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If you've got a teenager in your house, chances are they're on Snapchat.

My daughter is no exception. She uses Snapchat, in fact almost exclusively, to communicate with her friends. She spends her evenings and weekends "snapping" away, taking selfies and creating video stories that she uploads, which sometimes disappear into the digital ether as quickly as they are created.

If you're anything like me as a parent, it might be hard to wrap your head around Snapchat. I adopted the platform because I wanted to be able to engage with my daughter on her level, through a medium that's meaningful to her. We now share stories and selfies, keeping in touch throughout the day in a way we've never experienced through other platforms.

In a way, she and her friends have become my mini-focus group, opening my eyes to the power of the platform.

Early forecasters predicted Snapchat would be the single most important platform for brands to pay attention to in 2016. It's a post-millennial mainstay, just as Facebook was 12 years ago and as Twitter and Instagram continue to be.

Once dismissed as a platform for sharing naughty pictures that supposedly disappeared in a matter of seconds, the proof of Snapchat's staying power is in the numbers: Snapchat's 100 million plus daily users now watch eight billion videos per day.

So, why aren't brands getting on board with Snapchat? It's probably because they don't understand it. But fear of this unknown won't do you any favours because Snapchat is here to stay, and the brands who embrace it will have a leg up with key demographics who live and breathe for the latest snaps.

Advertising on Snapchat is in its infancy, and while many brands have been slow to adopt the platform, it is a nascent playground where brands can test and learn, fail fast, and – if they are successful – possibly help shape the way advertising plays out on the platform.

Snapchat has built a loyal user base by being fundamentally user-unfriendly. As a recent article from Bloomberg notes, "If you're new to the app and looking for posts by your kid, your boyfriend, or DJ Khaled (the Snapchat King), good luck."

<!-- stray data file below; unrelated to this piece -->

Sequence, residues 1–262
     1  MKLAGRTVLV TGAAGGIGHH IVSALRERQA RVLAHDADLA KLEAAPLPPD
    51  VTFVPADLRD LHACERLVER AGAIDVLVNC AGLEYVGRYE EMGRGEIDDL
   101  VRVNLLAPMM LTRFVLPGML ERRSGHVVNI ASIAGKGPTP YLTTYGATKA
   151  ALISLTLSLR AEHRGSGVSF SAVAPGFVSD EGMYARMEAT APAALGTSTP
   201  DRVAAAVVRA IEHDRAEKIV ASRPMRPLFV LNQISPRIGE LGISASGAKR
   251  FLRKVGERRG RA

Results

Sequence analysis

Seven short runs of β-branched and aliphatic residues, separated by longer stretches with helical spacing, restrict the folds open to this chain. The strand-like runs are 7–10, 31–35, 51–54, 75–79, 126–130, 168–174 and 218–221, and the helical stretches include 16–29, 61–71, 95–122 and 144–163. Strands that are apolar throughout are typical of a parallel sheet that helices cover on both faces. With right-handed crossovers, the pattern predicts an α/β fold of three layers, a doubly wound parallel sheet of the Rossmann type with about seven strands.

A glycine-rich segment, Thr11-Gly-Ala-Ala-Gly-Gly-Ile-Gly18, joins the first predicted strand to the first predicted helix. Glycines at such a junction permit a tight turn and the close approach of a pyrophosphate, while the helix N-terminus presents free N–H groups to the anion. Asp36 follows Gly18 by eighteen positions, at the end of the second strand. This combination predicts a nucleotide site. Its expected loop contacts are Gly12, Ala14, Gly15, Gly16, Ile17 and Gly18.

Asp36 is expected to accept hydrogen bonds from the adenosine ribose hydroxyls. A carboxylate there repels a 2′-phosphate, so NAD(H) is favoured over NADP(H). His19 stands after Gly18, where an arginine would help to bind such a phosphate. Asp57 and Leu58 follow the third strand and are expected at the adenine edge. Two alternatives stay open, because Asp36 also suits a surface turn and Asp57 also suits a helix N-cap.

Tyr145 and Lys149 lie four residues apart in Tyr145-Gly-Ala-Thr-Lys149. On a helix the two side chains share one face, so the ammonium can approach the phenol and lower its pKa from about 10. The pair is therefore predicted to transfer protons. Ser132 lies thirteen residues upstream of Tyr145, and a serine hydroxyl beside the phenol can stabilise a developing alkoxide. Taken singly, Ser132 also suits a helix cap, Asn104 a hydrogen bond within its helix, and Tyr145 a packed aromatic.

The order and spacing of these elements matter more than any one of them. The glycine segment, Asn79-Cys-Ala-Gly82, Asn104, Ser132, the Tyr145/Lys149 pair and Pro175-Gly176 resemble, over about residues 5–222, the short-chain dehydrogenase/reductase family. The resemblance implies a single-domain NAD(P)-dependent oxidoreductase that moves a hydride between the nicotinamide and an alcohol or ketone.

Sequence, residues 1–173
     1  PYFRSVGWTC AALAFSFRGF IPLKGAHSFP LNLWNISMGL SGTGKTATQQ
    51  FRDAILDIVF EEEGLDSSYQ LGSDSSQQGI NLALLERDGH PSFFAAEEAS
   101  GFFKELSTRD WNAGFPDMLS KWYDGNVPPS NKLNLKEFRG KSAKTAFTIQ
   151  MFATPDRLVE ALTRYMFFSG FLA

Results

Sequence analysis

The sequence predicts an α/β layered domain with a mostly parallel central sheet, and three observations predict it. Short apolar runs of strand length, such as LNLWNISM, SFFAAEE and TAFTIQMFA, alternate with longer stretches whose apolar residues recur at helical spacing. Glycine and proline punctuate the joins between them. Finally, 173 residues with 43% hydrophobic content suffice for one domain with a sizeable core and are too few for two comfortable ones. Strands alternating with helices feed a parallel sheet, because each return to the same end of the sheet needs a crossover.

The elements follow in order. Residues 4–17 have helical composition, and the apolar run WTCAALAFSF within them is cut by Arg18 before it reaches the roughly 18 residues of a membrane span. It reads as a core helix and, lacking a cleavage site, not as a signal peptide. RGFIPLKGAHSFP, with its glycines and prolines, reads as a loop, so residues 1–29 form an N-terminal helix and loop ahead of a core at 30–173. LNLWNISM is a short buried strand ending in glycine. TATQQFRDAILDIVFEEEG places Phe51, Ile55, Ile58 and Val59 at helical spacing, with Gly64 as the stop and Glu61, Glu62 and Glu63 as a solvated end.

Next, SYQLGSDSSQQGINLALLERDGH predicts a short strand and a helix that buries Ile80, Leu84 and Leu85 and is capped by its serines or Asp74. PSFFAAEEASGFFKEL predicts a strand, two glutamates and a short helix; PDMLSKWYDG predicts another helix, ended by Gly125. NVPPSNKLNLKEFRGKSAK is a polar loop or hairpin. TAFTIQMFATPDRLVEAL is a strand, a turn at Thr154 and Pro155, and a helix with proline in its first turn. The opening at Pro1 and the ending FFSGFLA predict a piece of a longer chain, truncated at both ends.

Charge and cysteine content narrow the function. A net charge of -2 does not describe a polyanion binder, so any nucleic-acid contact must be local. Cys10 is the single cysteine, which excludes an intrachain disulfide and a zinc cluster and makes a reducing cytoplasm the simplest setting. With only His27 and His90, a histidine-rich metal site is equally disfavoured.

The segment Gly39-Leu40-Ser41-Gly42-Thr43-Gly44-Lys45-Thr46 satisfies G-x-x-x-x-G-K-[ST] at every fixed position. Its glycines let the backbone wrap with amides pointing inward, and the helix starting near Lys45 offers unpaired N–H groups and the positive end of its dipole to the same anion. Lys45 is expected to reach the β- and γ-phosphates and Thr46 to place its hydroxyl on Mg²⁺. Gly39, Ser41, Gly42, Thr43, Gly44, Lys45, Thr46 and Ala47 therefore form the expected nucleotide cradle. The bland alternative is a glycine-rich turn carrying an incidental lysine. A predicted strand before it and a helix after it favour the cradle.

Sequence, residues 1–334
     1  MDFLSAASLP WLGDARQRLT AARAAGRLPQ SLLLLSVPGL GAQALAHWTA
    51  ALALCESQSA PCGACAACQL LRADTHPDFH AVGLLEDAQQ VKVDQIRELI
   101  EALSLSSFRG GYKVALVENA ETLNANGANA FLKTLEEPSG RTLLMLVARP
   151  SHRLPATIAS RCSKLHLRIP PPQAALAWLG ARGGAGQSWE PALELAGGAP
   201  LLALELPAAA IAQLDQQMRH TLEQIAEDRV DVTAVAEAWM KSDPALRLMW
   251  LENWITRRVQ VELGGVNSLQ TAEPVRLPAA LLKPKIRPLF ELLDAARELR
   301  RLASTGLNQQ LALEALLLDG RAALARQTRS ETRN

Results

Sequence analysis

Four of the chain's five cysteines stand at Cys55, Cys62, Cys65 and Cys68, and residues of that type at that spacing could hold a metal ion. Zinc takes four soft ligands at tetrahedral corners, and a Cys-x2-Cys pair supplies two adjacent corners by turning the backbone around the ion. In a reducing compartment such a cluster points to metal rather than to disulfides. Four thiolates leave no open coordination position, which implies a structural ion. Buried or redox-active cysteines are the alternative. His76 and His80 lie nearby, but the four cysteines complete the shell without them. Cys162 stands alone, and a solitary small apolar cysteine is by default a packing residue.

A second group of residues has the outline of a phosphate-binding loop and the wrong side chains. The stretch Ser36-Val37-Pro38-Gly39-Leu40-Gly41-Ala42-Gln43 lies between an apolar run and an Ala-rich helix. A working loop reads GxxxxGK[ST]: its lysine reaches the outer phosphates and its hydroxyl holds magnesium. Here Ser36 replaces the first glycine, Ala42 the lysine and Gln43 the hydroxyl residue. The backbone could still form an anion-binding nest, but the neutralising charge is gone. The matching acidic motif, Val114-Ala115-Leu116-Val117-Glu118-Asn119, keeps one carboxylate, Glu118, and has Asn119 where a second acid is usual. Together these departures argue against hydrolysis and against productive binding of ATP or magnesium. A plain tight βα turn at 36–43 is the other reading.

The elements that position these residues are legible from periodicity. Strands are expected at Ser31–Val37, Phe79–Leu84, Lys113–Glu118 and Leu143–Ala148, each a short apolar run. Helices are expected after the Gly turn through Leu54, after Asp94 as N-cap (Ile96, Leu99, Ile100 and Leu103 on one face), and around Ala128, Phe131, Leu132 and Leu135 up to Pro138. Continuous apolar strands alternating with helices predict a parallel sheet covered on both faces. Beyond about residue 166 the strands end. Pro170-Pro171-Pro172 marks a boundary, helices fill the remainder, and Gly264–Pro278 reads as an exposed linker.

Snapchat's founders have purposefully made it hard to find people on the platform (no embarrassing moments like when your parents friend you on Facebook). Snapchat is about personal moments, not about public display.

This is why brands have shied away from it so far. It's misunderstood. It may at first appear to be user-unfriendly. If we don't get it, it must not be important. I talk to a lot of the industry's leading marketers, and only a handful of them are on Snapchat. This needs to change.

The fact of the matter is, more than 60 per cent of 12 to 34 year-old smartphone users are Snapchatters. This demographic loves the platform because it provides an incredibly personal window into the way your peers see the world, and the stories are in real time, expiring in 24 hours. Snaps are a reflection of who you are in the moment, where there is no need to curate a lasting image.

Progressive brands are just starting to use Snapchat to advertise – according to Bloomberg, PepsiCo,, Marriott International and Budweiser paid more than $1-million to have their ads appear within Snapchat's Super Bowl coverage for the first time last month. Celebrities like Kylie Jenner, DJ Khaled and Justin Bieber are turning their lives into unedited reality shows through 10-second Snap stories, each with millions of engaged followers.

In an era where TV ratings are down, especially for the millennial and post-millennial generations, Snapchat is here to pick up where TV ratings have left off. Snapchat is now the biggest mobile video platform, with a massive audience that offers intimacy at scale for curated content.

Last week, Snapchat struck a deal with Nielsen to track ad performance with data, signalling to brands that the platform is getting serious about advertising and so should your brand.

I'm fortunate to have a teenager in the house, keeping me up to date on what mediums are truly breaking through with the next generation of consumers. As a marketer, it's not good enough to just keep doing more of the same; brands need to be fully aware of the changing behaviours of the next generation and experimenting with new and emerging platforms, or risk being left behind.

Mia Pearson is co-founder of North Strategic, Canada's fastest growing social and public relations agency, and Notch Video, the first video content community and online marketplace in the country.

Mia will be speaking at The Globe Small Business Summit, an upcoming conference that brings together business leaders who are growing their companies. Other speakers include Harley Finkelstein from Shopify and Bruce Poon Tip from G Adventures.